Visiting Moldova’s Rudi Monastery in Photos

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An Accidental Visit to Rudi Monastery


I mentioned in my post about my trip to the Struve Geodetic Arc in Rudi that my driver took me to the Rudi monastery by mistake.  The problem stemmed from a combination of language barrier and the fact that my driver had never heard of the Struve Geodetic Arc. But he had heard of the Rudi Monastery, so that is where we went.  What a fabulously happy accident!  Who doesn’t love a good visit to a funky old monastery, especially one as beautiful as this one:



Rudi Monastery
Rudi Monastery



The Founding of Rudi Monastery


Rudi Monastery (also called Rudy Monastery and Rughi Monastery) was built in 1777 in the middle of the Rudi-Arionesti. The church is dedicated to the Holy Trinity and is built in traditional Moldavian style (often referred to as a Witch’s Hat).  The monastery is situated near a tributary of the Dniester river.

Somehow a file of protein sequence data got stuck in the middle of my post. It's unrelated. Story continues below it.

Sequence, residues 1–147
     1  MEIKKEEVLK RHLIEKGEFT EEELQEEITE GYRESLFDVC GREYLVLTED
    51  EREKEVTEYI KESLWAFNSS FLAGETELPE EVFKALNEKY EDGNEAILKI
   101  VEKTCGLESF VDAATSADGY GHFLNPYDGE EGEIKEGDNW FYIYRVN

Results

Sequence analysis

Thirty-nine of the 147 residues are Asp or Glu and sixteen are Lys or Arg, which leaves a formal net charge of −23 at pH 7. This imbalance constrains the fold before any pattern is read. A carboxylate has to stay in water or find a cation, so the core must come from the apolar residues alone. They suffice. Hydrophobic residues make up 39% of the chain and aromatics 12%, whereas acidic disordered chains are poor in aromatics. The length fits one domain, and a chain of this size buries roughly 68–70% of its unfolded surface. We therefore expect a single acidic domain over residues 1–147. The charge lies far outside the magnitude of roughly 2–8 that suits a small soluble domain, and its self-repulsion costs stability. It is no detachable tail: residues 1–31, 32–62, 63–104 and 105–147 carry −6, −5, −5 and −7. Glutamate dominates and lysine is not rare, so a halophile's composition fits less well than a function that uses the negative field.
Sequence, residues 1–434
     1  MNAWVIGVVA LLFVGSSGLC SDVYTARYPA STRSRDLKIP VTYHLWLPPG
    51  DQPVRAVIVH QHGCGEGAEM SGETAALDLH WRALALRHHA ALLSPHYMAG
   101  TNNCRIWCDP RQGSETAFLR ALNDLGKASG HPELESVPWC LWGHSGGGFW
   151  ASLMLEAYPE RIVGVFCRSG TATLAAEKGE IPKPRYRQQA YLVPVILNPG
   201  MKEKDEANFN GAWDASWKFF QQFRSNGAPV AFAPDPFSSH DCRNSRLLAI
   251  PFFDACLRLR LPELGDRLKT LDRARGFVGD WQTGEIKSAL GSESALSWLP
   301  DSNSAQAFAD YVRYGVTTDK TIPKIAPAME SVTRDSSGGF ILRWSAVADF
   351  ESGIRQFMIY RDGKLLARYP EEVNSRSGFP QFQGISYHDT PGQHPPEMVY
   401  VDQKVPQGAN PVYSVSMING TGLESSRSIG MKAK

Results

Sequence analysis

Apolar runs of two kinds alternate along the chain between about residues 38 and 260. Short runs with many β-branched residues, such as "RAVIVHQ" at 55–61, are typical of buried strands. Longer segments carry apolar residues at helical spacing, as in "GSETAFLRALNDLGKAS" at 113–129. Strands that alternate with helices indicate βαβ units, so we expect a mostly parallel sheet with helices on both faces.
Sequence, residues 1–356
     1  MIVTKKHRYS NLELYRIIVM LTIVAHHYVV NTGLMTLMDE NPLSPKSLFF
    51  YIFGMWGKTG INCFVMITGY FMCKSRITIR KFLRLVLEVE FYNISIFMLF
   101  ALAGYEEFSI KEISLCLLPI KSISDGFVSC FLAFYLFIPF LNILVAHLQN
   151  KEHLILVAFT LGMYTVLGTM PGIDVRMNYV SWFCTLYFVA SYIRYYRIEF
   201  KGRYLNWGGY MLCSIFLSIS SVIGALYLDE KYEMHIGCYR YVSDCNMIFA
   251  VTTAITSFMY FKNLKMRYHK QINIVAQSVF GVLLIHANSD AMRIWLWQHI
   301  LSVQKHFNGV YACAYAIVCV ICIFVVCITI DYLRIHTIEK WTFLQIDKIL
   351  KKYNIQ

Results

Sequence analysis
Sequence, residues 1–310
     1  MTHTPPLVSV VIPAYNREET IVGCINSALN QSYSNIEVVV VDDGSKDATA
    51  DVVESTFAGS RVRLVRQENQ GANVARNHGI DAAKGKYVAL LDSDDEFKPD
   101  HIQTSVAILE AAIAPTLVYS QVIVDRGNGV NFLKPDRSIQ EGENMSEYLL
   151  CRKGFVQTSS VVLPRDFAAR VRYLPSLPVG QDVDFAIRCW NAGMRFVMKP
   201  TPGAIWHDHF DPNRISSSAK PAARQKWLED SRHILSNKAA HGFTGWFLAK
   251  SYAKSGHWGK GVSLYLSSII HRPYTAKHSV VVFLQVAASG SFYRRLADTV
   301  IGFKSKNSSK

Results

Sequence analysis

The monastery was built with the blessing of the Bishop of Hus on the Rudi family estate and financed by the Donicul merchant from Movilau. The same Old Church Slavonic inscription that describes the founding also states this amazing tidbit:


“In the name of the Holy Trinity, in the days of the blasphemed gentleman Gregory Alexandru Ghica, with the blagoslovenia of Bishop Inochentie of the Hussites, in 1777, June 1.”




Rudi Monastery under restoration
The monastery is currently being stored


A Cursed History?


The website of the monastery gives this delightfully dreadful tale from the nineteenth century (translated from the website’s Romanian on Google Translate):